When was the last time you stuck your debit card in an ATM and thought twice about the security of your four-digit code? For years, it has been considered the one secure point of the banking process, barring any physical skimming devices attached to the actual ATM.
According to this Wired story, the code breakers are here and they're actively seeking more efficient ways of pulling the PINs from customer accounts without their knowledge.
Until now, it was believed that after you had entered your PIN, the code would be transmitted to the bank, completely encrypted and invisible to third parties. It was once assumed to be impossible to grab PIN data in the system, but a number of academic reports, including one from Israel have shown it is not only possible, but actively happening in various hacker circles.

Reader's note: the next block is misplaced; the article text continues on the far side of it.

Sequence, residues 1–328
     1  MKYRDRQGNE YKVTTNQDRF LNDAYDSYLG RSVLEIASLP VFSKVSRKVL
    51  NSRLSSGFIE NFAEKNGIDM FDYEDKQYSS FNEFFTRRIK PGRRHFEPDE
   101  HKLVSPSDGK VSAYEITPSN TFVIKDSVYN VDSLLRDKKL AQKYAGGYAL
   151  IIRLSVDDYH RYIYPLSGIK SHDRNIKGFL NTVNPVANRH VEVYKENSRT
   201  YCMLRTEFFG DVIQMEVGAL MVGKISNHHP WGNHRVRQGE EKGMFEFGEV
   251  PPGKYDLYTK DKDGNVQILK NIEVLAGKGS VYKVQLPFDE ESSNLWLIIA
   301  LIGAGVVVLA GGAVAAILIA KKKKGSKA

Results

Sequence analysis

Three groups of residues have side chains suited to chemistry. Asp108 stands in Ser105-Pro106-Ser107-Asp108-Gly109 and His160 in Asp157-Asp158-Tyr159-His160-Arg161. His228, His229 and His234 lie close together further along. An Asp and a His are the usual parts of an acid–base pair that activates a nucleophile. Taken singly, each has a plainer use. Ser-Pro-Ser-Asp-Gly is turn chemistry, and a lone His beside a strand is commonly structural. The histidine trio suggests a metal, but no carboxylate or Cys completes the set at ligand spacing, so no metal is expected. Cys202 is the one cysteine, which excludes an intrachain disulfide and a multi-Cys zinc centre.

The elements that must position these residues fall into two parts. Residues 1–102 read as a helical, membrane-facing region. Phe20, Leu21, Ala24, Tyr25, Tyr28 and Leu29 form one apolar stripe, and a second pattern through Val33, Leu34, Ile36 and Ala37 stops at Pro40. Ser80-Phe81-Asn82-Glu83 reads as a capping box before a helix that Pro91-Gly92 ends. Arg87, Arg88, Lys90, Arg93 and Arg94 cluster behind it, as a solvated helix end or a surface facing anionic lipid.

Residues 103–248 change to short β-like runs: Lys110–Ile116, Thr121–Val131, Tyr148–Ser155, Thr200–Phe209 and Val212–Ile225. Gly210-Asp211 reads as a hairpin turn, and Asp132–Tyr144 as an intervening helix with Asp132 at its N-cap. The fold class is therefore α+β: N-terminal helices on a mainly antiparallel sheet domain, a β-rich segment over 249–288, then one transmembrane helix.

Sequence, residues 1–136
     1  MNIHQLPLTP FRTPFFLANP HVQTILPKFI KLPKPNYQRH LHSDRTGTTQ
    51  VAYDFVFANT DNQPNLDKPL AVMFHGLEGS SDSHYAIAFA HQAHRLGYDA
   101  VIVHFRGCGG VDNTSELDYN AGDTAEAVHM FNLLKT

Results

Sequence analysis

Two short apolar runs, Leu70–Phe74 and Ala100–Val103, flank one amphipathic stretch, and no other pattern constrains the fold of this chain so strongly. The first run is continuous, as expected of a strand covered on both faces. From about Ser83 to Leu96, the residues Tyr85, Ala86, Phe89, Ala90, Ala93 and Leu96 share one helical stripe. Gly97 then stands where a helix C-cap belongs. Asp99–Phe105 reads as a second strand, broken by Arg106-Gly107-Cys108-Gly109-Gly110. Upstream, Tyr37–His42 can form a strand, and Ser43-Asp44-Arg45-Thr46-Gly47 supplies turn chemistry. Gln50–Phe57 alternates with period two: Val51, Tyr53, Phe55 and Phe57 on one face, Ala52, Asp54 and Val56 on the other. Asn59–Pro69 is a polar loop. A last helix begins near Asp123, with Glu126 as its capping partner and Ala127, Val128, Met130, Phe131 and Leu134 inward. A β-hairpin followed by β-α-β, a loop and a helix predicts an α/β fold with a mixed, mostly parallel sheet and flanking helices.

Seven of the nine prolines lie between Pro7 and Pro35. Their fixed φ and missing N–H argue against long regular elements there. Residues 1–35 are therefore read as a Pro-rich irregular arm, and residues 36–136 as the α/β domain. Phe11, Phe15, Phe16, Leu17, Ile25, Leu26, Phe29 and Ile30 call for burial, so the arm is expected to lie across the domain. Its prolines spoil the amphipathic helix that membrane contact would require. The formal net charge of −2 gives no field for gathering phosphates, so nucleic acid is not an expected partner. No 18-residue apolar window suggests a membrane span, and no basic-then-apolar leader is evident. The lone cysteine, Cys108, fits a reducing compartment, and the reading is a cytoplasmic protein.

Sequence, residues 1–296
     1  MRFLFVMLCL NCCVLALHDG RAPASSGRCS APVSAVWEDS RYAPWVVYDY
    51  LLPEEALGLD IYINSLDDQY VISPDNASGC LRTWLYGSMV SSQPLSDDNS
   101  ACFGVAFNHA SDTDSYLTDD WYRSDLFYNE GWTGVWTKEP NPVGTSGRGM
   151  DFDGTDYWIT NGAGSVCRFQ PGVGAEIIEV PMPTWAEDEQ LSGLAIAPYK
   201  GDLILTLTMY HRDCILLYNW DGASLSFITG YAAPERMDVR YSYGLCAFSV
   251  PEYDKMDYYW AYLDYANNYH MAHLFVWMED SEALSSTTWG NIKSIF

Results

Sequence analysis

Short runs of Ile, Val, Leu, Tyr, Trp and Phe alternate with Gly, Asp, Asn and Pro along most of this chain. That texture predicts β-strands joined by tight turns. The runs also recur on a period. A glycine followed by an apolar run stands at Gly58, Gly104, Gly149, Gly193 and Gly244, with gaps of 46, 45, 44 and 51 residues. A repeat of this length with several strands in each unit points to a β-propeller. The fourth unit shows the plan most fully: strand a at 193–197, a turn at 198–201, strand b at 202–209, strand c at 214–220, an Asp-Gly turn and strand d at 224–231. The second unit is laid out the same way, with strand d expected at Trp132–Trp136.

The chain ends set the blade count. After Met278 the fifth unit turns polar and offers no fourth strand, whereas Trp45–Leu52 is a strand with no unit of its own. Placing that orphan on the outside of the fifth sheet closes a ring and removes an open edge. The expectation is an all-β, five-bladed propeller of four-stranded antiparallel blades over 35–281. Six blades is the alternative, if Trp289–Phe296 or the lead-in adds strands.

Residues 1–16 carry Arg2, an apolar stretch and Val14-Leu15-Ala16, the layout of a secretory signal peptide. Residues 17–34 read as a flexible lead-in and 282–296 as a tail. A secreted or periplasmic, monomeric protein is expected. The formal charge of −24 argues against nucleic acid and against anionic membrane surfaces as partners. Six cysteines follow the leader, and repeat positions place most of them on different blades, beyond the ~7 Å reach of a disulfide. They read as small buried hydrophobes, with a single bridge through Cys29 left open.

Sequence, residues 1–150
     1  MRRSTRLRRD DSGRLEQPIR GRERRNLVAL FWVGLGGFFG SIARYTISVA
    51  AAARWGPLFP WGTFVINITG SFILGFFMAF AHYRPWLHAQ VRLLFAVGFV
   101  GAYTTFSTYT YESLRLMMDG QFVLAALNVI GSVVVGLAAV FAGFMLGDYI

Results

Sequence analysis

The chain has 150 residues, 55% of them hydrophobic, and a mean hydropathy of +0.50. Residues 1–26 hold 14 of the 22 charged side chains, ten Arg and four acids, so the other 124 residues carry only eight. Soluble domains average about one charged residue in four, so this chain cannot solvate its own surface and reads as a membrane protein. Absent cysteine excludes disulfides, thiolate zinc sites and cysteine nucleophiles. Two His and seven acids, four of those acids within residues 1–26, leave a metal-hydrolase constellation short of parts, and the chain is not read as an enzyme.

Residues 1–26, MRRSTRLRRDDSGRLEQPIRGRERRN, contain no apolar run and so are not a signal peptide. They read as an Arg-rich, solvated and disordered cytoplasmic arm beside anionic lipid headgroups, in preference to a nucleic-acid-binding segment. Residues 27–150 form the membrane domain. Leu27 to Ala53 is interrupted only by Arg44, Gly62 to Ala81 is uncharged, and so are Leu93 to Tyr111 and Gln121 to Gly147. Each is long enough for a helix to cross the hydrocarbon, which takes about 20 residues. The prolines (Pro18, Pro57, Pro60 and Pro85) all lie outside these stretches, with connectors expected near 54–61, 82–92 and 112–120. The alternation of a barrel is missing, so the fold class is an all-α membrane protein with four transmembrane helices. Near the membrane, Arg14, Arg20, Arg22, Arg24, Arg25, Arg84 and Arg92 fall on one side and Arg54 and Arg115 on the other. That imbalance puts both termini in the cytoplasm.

In simple terms, the hack has been made possible due to a breakdown in the security process, where certain contractors have different systems in place for the data process that's transmitted from the ATM (or merchant) to the branch. In between, the PIN data must flow through a series of hardware security modules, known as HSMs and according to Wired's report, it's across these HSMs that the hack on encrypted PIN data is occurring.
One of the more troubling aspects of this emerging threat, is that unlike credit card transactions, it's very hard for the customer to prove the fraudulent activity has taken place. If cash is removed from a customer's account using a secure PIN (that has been compromised covertly), it becomes very hard for the customer to prove they are not at fault, due to the lack of evidence.
Although it's not clear how this impacts the Australian banking industry, it's clear that this won't be the last time we'll be hearing about PIN fraud.